Departmental Research Projects
Publication detailsVaughan, J.M., England, J.H. & Evans, D.J.A. Glaciotectonic deformation and reinterpretation of the Worth Point stratigraphic sequence: Banks Island, NT, Canada. Quaternary Science Reviews. 2014;91:124-145.
- Publication type: Journal Article
- ISSN/ISBN: 0277-3791 (print)
- DOI: 10.1016/j.quascirev.2013.11.005
- Keywords: Quaternary, Glaciotectonism, Canadian Arctic, Ice sheet-permafrost interactions, Hill-hole pair.
- Further publication details on publisher web site
- Durham Research Online (DRO) - may include full text
Author(s) from Durham
Hill-hole pairs, comprising an ice-pushed hill and associated source depression, cluster in a belt along the west coast of Banks Island, NT. Ongoing coastal erosion at Worth Point, southwest Banks Island, has exposed a section (6 km long and ∼30 m high) through an ice-pushed hill that was transported ∼ 2 km from a corresponding source depression to the southeast. The exposed stratigraphic sequence is polydeformed and comprises folded and faulted rafts of Early Cretaceous and Late Tertiary bedrock, a prominent organic raft, Quaternary glacial sediments, and buried glacial ice. Three distinct structural domains can be identified within the stratigraphic sequence that represent proximal to distal deformation in an ice-marginal setting. Complex thrust sequences, interfering fold-sets, brecciated bedrock and widespread shear structures superimposed on this ice-marginally deformed sequence record subsequent deformation in a subglacial shear zone.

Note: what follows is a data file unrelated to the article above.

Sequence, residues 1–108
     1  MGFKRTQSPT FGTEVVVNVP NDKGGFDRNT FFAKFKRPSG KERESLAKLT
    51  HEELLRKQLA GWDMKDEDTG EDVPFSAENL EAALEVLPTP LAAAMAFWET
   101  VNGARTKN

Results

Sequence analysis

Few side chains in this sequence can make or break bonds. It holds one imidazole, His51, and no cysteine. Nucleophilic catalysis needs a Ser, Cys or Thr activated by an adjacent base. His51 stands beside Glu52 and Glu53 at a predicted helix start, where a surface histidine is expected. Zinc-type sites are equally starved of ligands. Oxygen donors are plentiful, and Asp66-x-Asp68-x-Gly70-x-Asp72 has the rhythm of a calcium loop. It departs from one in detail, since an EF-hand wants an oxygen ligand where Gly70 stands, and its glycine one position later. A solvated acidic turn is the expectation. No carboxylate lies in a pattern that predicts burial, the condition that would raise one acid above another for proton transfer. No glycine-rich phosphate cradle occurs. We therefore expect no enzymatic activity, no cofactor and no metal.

Analysis of cross-cutting relationships within the stratigraphic sequence combined with OSL dating indicate that the Worth Point hill-hole pair was deformed during two separate glaciotectonic events. Firstly, ice sheet advance constructed the hill-hole pair and glaciotectonized the strata ice-marginally, producing a proximal to distal deformation sequence. A glacioisostatically forced marine transgression resulted in extensive reworking of the strata and the deposition of a glaciomarine diamict. A readvance during this initial stage redeformed the strata in a subglacial shear zone, overprinting complex deformation structures and depositing a glaciotectonite ∼20 m thick. Outwash channels that incise the subglacially deformed strata record a deglacial marine regression, whereas aggradation of glaciofluvial sand and gravel infilling the channels record a subsequent marine transgression. Secondly, a later, largely non-erosive ice margin overrode Worth Point, deforming only the most surficial units in the section and depositing a capping till.
The investigation of the Worth Point stratigraphic sequence provides the first detailed description of the internal architecture of a polydeformed hill-hole pair, and as such provides an insight into the formation and evolution of an enigmatic landform. Notably, the stratigraphic sequence documents ice-marginal and subglacial glaciotectonics in permafrost terrain, as well as regional glacial and relative sea level histories. The reinterpreted stratigraphy fundamentally rejects the long-established paleoenvironmental history of Worth Point that assumed a simple ‘layer-cake’ stratigraphy including the type-site for an organically rich, preglacial interval (Worth Point Fm).